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Le Tour of France 2017 – Stage 10: Périgueux – Bergerac, 178km. Kittel makes his fourth look easy



VeloVeritas’ first Tour stage start of the year; Stage 10, Périgueux to Bergerac through the lovely Dordogne Valley countryside.

Our digs were well out in the quiet countryside with friendly hosts and eccentric but fun Dutch guests sharing the pension with us; pretty much perfect except for when the cicadas were in full effect – and the wi-fi could have been a wee bit faster . . .

But not before all them words were written and pictures edited, placed and posted from the VeloVeritas bedoffice.

The photo editing happens in the office. Photo©Ed Hood

Chaves and Herrada have a chat on the way to the start. Photo©Martin Williamson

Périgueux wasn’t the busiest stage start we’ve ever witnessed but we’re not complaining; we were in among the buses and riders in jig time.

Chris Froome’s spare bike. Photo©Martin Williamson

Our first bit of anorakdom was to check out Chris Frome’s spare bike on the Sky car roof, he’s riding 38/52 elliptical rings – is that why his knees and elbows seem to be everywhere but where they should be, perhaps?

The Team Sky bus parks up outside the Palais De Justice. Photo©Ed Hood

Perhaps prophetically, the Sky bus was parked outside the court.

If it’s the court which judges on style on a bicycle and race suffocation then they’re in trouble.

Ashley House. Photo©Ed Hood

‘Danger, man at work’ as Eurosport’s Ashley House interviews Trek’s Alain Gallopin.

Ashley is a former school teacher of Economics, Business Studies and Italian at Cheltenham College, who quit his job to pursue a career in sports journalism & broadcasting.”

So now we know where he gets his deep knowledge of the sport from.

Remember the days when we had Dickie Davies for five minutes just before Kent Walton and the wrestling?

Me neither!

Contador’s bike is ready to go. Photo©Ed Hood

Bert knows where the climbs are, but what can he do about it? Photo©Martin Williamson

Alberto’s white Trek looks sharp against the black Trek bus – just a pity Bert’s not looking as good.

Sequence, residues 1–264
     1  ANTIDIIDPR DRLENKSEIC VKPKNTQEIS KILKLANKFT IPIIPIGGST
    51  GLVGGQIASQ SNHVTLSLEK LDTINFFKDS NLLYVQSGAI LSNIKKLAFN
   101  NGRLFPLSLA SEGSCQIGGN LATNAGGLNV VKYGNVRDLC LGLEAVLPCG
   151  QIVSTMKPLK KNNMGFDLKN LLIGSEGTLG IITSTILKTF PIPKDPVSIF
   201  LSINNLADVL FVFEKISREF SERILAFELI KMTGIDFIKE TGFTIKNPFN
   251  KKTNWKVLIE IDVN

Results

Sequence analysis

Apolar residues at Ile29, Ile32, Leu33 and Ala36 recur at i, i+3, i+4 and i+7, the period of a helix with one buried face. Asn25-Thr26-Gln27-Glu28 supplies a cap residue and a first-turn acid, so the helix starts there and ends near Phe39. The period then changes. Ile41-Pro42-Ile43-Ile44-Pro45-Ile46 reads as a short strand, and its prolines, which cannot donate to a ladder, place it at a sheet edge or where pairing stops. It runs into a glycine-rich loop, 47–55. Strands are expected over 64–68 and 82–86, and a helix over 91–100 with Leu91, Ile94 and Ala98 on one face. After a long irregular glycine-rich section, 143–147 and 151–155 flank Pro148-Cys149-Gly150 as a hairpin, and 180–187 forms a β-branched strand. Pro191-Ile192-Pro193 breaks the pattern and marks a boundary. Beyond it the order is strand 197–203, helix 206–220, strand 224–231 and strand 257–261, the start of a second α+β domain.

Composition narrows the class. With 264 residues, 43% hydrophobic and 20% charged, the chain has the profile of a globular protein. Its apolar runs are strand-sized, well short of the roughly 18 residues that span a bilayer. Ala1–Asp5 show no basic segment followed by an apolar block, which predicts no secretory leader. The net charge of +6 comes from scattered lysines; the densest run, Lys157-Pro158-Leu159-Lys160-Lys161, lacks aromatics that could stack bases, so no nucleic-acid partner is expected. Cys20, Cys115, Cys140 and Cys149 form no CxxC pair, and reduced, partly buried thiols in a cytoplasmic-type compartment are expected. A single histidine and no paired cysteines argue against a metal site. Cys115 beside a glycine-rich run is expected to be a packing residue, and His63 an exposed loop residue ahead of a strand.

We like the man and his ‘never say die’ attitude is sorely lacking in many of his contemporaries but it does seem like it’s one Grand Tour too many for the wee chap from Pinto.

Sarah and Jack Bauer. Photo©Ed Hood

The QuickStep bus next and ‘our boy” Jack Bauer and his lovely Australian wife, Sarah.

We reminisced about the first interview I did with him ‘back in the day’ when he was an up and coming kermis king in Flanders – and now he’s a key member of a World Tour team.

I swear that boy gets taller, slimmer and more handsome every time I see him.

George Bennet. Photo©Ed Hood

And on the subject of sharp Kiwi’s, how about Lotto Jumbo’s George Bennett; he won the Tour of California and sits in 10th spot overall – very impressive.

Marcel Kittel’s bike, first to win a TdF with disc brakes. Photo©Martin Williamson

Now, we’re sorry but Kittel’s bike just doesn’t do it for us, no matter how much it cost.

Not the lime green tape, not the graphics – and certainly not the discs.

Much of the feedback we receive suggests that most folk are of the same opinion as us; ‘if it’s not broke then don’t fix it.’

Greipel’s bike. Photo©Ed Hood

Big Marcel should have a word with Greipel’s air brush man – much cooler, if you ask us.

Andre Greipel signs autographs. Photo©Martin Williamson

Andre Greipel gets ready for the start. Photo©Ed Hood

And it’s not ‘til you’re close to the big German that you appreciate just how robustly built he is – it must be hard work hauling that big frame over the likes of mont du Chat.

Thomas is happy to oblige the ‘selfie’ takers. Photo©Martin Williamson

Gone are the days when the rider scribbled the day’s parcours on a piece of paper Scotch taped to his stem.

In place we have cool vinyl stickers; here Thomas de Gendt applies his – but today was too flat for him, really.

Steve Cummings looking relaxed, but he always does! Photo©Ed Hood

Steve Cummings. Photo©Martin Williamson

Stevo was looking great in his British Champion’s jersey – but hard to chat to, he’s so much in demand for ‘selfies’ and autographs.

Lilian Calmejane. Photo©Ed Hood

‘Next Big Thing’ stage winner Lilian Calmejane certainly looks the part – if only he can keep his feet on the ground.

Martin and Scott Mitchell discuss aperture settings, or something! Photo©Ed Hood

Martin chatted to Wiggo’s personal photog, Scott Mitchell who lives in Edinburgh and frequents Ronde bike shop.